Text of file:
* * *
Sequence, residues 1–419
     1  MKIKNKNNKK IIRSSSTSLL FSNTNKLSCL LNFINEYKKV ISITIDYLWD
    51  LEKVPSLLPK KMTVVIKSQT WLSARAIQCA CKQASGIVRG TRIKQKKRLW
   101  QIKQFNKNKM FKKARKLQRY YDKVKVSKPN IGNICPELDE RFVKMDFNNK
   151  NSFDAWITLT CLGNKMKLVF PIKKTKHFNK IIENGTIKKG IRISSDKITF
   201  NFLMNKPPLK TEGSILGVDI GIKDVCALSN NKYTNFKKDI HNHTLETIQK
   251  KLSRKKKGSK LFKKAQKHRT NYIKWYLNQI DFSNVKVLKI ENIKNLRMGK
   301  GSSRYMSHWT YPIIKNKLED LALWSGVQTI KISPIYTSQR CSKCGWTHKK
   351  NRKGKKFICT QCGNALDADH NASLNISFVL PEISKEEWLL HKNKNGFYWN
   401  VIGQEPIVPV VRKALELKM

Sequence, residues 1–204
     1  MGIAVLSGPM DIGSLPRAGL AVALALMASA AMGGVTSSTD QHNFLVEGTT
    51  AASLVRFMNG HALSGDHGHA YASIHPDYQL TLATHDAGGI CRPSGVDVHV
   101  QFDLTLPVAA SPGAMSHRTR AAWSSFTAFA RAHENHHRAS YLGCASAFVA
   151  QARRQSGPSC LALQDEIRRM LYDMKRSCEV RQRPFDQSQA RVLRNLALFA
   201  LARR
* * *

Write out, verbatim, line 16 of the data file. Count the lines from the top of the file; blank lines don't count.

   201  LARR